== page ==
Peace and environmental sustainability — two lofty but vital goals for all countries — are known to be intrinsically related, according to Dahlia Simangan, associate professor at the Graduate School of Humanities and Social Sciences at Hiroshima University. However, researchers still tend to investigate them separately, and, when they are viewed together, it is often with broad strokes, with little examination into the nuances of either peace or environmental sustainability. Parsing out the specifics of these categories could provide insights into what specific elements of peace influence what specific elements of environmental sustainability, and vice versa, which could then better inform policy and decision making.
A team of researchers from Hiroshima University that includes Simangan has explored the nuances and found that elements of environmental performance are more strongly associated with positive peace, specifically its pillar concerning equitable resource distribution, than with negative peace, especially its indicator on the degree of militarization.
The researchers published their results in Earth System Governance in September 2022.
“These concepts [of peace and sustainability] are very broad, and their relationship is influenced by many other factors,” said Simangan, who is the paper’s first and corresponding author and also affiliated with the Network for Education and Research on Peace and Sustainability and the IDEC Institute at Hiroshima University. “In this study, we analyzed how their specific components influence each other.”
The researchers noted that while there are indices to measure peace and indices to measure environmental wellbeing, there is not an index that comprehensively incorporates both. Further, previous analyses on the intersection of environmental sustainability and peace tended to focus on negative peace, or the absence of violence. To overcome these previous limitations, the researchers examined three different indices.
“For the peace component, we used the datasets from the Global Peace Index (GPI) and Positive Peace Index (PPI) to include both direct and indirect forms of conflict and violence,” Simangan said. “For the environmental sustainability component, we used the Environmental Performance Index (EPI), which measures environmental health and ecosystem vitality.”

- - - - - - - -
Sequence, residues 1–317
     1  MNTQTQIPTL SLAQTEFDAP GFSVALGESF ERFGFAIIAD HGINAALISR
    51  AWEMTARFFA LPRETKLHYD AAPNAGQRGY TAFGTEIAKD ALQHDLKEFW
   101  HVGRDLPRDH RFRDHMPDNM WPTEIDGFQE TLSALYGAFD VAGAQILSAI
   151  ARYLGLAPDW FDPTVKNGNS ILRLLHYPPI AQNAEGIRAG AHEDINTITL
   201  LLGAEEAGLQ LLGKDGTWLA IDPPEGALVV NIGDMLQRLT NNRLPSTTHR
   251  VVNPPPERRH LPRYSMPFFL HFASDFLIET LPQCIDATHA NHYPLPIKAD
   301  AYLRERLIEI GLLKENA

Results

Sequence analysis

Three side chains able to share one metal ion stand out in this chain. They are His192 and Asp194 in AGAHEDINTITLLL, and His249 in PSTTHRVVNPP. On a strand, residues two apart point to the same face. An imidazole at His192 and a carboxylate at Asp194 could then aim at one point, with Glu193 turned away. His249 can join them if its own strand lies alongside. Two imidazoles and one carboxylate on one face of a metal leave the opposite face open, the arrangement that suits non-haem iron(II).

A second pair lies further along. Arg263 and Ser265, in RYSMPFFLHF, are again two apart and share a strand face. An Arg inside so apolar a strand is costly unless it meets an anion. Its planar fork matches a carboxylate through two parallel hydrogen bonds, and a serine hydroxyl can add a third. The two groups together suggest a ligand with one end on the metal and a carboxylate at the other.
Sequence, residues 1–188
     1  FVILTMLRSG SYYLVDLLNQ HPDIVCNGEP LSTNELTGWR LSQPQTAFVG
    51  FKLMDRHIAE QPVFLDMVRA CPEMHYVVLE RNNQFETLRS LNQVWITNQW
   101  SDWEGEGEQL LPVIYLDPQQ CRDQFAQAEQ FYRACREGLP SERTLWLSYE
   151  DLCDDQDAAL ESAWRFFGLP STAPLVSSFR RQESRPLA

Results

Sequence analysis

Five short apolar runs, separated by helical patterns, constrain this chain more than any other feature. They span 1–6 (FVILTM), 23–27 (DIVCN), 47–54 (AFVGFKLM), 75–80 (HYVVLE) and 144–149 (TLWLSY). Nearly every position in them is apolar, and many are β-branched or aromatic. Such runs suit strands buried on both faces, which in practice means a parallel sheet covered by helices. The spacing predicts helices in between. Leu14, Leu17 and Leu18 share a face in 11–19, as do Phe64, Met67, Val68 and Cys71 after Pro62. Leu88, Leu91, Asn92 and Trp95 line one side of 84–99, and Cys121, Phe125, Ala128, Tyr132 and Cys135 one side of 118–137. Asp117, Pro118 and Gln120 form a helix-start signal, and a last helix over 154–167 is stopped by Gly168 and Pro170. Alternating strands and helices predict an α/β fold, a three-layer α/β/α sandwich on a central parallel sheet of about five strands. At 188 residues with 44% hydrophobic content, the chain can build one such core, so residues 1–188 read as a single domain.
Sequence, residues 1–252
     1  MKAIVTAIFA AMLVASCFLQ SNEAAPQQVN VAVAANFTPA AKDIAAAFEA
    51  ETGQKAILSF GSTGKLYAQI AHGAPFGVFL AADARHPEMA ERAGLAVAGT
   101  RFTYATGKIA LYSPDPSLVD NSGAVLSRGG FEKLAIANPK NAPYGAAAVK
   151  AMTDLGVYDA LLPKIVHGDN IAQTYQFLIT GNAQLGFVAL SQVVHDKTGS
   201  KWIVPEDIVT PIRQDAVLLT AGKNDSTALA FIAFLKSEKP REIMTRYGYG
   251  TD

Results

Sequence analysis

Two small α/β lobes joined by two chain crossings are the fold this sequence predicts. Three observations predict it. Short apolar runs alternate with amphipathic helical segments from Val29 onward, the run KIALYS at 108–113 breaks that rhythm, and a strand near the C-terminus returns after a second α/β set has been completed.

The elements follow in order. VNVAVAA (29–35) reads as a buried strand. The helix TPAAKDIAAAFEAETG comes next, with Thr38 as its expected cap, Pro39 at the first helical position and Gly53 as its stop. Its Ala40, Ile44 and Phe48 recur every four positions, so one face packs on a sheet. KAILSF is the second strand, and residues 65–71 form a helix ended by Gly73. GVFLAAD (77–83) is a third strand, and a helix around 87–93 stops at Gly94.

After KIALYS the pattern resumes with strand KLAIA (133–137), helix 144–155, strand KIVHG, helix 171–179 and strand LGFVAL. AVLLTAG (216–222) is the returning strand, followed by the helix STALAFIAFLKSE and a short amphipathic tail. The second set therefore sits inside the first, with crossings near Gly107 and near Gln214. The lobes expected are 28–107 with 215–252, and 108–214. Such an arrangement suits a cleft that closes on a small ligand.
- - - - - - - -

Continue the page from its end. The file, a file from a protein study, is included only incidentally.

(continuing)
The PPI is measured using eight pillars: well-functioning government, sound business environment, equitable distribution of resources, acceptance of the rights of others, good relations with neighbors, free flow of information, high levels of human capital and low levels of corruption. The GPI uses three domains: the extent of ongoing domestic and international conflict, the level of societal safety and security and the degree of militarization. The EPI has two main objectives: environmental health, which encompasses air quality, sanitation and drinking water, heavy metals and waste management; and environmental vitality, which includes indicators of biodiversity and habitat, ecosystem services, climate change and so on.
The researchers conducted several correlation tests and found a consistent pattern.
“We found out that environmental performance — especially regarding air quality, safe sanitation and safe drinking water — is more closely associated with positive peace than negative peace,” Simangan said. “Our study also revealed that contrary to general expectations, some low-income countries score fairly well in both negative peace and environmental sustainability. However, they often fall short in achieving positive peace outcomes. These findings confirm our hypothesis that positive peace is more conducive to accommodating environmental considerations.”
As the results show how interconnected environmentalism and positive peace are, and how improvements in one area can aid improvements in the other, the researchers said their next step is to look to create an integrated model.
“We will continue to concretize the various components of a holistic peace and multidimensional sustainability in order to provide a more comprehensive index that illustrates the myriad pathways between the two,” Simangan said. “Our ultimate goal is to develop this integrated index with annually updated datasets available for researchers and policymakers.”
The other authors are Chui Ying Lee of Eikei University in Hiroshima; Ayyoob Sharifi and Shinji Kaneko, both of the Network for Education and Research on Peace and Sustainability and the Graduate School of Humanities and Social Sciences at Hiroshima University; and John Lee Candelaria of the Graduate School for International Development and Cooperation at Hiroshima University.
About Hiroshima University
Since its foundation in 1949, Hiroshima University has striven to become one of the most prominent and comprehensive universities in Japan for the promotion and development of scholarship and education. Consisting of 12 schools for undergraduate level and 4 graduate schools, ranging from natural sciences to humanities and social sciences, the university has grown into one of the most distinguished comprehensive research universities in Japan.
English website: https://www.hiroshima-u.ac.jp/en